Sorry if I’m coming across as a troll… It’s not intended that way. I just want to point out a legitimate and real point of view you may not to share. Unless your intended purpose is to “preach to the choir,” there’s some significant room for improvement in how you present your message.

    • Zaewen December 1, 2011 at 10:27 pm

      Well, I’ll start off by saying that I’m not trying to compare any two random out of context images together, Franzetta or no, because that would be rather pointless. I’m specifically pointing out how this chart, handy as it is for expressing pictograhically the essence behind the chainmail bikini debate, has some flaws to it. And that those flaws lie mostly in the ways we think of male and female sexual objectification, with special emphasis on how we consider even the slightest male sexualization to be equal to the impossible pictures of female sexualization.

      And I’m stressing that impossible by the way. There is a great deal of amazing and beautiful variation in human bodies, as they exist naturally and how we can push them through excerise and diets. The sexy woman’s body in this picture is unattainable outside of serious surgery or extreme corsetting.It’s just not without our natural ability to push our bodies to have a waist that’s smaller than our heads or to be missing a couple of ribs. As for the guy, you’re right that having a female body myself I am not 100% familiar with their anatomy, but I’m familiar enough to know that his anatomy, while heavily idealized, has not been distorted out of inhuman proportions like the woman’s has.

      As for guys in heels: high heels are an artifice of our culture. They are gendered only because current society tells us they are. They originated as something noble men wore and have morphed into something that’s becoming more and more a requirement of preforming femininity the ‘right way’. The idea that women would need heels to look sex or even that super high heels make a woman sexier is relatively new. As for me personally finding men in heels sexy? Yes and no. For me it conjures up the same thoughts as seeing women in heels: makes them move in interesting ways, gives their hips a nice sway, but damn do they look painful and hard to move around in.

  2. Max Atwood December 1, 2011 at 10:16 pm

    I’d like to address your point about the clothing. Let me clarify that I am a man and I do lean towards sexism. Not because I feel that women are inferior, but because that’s a fairly natural dichotomy between men and women. It doesn’t translate to disrespect towards women, their opinions, and so on, but it does color the context of how I interact with them, generally in the form of sexual humor that wouldn’t necessarily be broached with male friends. All that being said, I feel that the final image does represent a balanced depiction of non-sexist character design. Firstly, I’ll concede that the lady’s boots may not be standard issue with their open toes, they do, however, close again similar to tabi and make their way up to her knee as the men’s do. The man’s boots don’t seem to have much stability either as the appear to lack soles and might even simply be roughly sewn leather. Their crotch and waist armor (I don’t know what else to call it) seems to be balanced as well with the man’s only real protection would be the studded belt as the rest of it seems to be cloth. Granted, the woman has her cloth wrapped differently, but if I could play Devil’s Advocate, the top section of it could be made of leather, albeit unstudded like the man’s. In the same area, the woman has bracers on, possibly made of leather as well, where the man has no wrist protection. As far as their chest protection, they both lack any real defense and to be fair, I’ve seen bathing suits that use the same design as the female warrior’s. In addition to that, the lady has neck protection, possibly the same style studded leather as the man’s belt, which is a spot where the man also lacks, and is one of the more important pieces of armor that he’s lacking. Their shoulder armor is essentially identical, although I don’t know how they’re attached to the people. Lastly, regarding their expressions, that lady looks more bored and angry than stimulated to me with the upturned lip and dipping eyebrows. Maybe a little bit of disgust, even. The man’s expression, on the other hand, gives me a chilly Luke Perry vibe, also a little bored with a bit of gruffness in it. The lady’s hair is behind her ears, so it may be held back with a beret or one of those u-shaped things that sit over the head behind the ears, I’m obviously not sure what they’re called. Their hands seem to be in identical states of readiness, both slightly curled in a fairly natural way, and while the lady’s depiction seems to be more pronounced, both the male and the female have an awkward stance with knees turned inward more than should be comfortable. I enjoyed reading your article and was quite pleased with the tone. Good luck with grad school.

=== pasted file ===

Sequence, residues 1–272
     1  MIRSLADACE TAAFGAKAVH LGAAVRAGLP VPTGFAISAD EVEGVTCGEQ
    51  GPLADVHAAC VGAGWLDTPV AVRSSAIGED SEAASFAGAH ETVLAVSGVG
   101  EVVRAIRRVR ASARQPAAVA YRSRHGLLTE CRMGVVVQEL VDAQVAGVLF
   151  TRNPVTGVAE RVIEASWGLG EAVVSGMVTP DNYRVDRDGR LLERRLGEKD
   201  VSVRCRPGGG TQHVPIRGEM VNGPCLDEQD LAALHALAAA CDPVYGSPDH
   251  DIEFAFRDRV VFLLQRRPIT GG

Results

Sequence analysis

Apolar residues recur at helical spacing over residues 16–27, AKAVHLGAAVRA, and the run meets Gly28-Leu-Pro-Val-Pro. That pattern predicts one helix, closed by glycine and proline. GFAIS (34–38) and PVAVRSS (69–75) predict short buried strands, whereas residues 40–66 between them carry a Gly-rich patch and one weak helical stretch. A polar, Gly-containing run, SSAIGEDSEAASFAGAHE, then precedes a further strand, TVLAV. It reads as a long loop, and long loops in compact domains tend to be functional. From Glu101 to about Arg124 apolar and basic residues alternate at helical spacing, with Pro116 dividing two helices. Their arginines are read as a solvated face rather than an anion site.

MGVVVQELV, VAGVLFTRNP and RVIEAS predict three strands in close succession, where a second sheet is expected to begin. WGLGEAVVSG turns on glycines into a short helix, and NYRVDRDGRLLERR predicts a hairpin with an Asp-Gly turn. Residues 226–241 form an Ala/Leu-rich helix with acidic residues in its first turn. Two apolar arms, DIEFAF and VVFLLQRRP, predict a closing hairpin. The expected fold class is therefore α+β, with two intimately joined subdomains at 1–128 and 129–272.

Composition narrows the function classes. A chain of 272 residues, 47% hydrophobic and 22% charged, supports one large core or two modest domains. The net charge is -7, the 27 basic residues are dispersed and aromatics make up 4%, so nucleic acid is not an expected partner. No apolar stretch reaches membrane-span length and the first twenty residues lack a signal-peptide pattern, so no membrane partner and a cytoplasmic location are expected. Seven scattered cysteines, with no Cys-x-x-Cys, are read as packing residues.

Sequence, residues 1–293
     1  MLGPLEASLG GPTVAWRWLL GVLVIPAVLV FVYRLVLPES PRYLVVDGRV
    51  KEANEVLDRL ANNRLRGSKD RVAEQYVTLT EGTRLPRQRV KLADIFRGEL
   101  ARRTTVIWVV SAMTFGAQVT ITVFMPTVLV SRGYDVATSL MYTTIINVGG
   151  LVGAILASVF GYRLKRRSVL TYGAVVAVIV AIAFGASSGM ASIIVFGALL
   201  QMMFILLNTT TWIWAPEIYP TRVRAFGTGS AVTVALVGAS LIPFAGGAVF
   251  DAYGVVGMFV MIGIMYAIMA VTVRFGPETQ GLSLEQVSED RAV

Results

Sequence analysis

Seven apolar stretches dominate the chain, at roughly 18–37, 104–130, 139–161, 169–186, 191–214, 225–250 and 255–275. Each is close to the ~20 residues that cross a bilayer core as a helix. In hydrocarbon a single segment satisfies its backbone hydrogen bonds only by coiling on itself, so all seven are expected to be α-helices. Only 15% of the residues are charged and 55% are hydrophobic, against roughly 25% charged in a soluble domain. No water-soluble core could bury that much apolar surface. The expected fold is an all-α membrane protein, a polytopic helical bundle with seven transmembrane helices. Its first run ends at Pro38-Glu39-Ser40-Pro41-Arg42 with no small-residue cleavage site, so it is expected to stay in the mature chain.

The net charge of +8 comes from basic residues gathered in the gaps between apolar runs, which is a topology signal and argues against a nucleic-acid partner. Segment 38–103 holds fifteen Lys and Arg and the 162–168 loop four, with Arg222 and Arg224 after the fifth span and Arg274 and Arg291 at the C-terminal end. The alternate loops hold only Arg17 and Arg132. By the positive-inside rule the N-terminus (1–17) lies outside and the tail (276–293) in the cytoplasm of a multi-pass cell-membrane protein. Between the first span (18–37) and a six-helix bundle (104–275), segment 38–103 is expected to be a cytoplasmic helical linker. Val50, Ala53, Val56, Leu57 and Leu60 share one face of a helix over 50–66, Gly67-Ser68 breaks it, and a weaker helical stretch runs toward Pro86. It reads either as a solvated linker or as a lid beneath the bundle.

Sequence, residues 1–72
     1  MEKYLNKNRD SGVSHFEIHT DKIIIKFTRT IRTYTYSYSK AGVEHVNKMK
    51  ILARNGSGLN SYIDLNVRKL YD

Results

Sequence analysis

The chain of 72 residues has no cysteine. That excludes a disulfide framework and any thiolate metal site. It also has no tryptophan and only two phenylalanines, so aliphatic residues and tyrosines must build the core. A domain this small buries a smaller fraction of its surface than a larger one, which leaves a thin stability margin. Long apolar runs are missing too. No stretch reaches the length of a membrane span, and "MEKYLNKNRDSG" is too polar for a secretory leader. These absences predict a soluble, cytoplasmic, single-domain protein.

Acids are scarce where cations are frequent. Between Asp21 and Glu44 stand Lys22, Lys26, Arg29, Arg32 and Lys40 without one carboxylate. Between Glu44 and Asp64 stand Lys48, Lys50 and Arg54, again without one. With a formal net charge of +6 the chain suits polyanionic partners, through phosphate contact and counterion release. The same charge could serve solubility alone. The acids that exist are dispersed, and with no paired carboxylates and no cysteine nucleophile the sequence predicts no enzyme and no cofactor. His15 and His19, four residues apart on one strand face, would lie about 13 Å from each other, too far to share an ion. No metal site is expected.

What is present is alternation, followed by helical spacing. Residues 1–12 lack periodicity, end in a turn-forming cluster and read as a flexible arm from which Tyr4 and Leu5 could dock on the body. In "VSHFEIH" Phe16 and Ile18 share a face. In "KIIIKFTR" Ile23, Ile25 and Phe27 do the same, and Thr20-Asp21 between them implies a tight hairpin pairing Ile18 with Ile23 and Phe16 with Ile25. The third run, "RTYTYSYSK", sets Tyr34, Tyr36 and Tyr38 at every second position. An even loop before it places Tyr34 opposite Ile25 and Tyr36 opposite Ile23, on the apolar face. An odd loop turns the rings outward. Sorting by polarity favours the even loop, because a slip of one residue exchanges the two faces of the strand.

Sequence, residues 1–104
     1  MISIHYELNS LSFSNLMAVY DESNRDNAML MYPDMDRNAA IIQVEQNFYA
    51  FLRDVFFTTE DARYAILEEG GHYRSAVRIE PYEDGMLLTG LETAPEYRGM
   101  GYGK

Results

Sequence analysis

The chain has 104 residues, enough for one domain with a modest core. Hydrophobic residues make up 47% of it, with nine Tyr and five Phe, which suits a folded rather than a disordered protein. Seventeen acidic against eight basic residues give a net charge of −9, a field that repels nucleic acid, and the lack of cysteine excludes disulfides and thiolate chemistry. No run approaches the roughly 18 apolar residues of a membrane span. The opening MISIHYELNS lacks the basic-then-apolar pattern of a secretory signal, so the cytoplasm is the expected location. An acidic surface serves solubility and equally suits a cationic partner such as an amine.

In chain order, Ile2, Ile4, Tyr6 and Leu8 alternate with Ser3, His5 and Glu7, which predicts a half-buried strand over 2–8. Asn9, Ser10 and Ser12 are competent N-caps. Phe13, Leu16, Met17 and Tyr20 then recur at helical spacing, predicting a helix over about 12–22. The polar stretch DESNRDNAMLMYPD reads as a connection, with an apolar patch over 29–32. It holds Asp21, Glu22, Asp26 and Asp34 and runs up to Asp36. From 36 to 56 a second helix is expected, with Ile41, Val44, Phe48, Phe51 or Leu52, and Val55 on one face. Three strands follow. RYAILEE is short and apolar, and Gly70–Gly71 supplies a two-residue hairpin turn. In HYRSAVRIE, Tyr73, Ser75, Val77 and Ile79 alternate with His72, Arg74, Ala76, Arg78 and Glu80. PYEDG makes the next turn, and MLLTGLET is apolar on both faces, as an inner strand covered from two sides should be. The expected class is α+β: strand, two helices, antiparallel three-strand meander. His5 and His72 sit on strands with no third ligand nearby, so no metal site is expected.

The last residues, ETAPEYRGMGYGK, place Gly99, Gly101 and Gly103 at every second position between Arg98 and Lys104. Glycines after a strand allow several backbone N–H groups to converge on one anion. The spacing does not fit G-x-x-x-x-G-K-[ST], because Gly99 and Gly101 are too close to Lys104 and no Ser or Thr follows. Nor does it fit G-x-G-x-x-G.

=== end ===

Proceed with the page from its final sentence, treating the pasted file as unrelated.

• Zaewen December 1, 2011 at 10:48 pm

      Well then.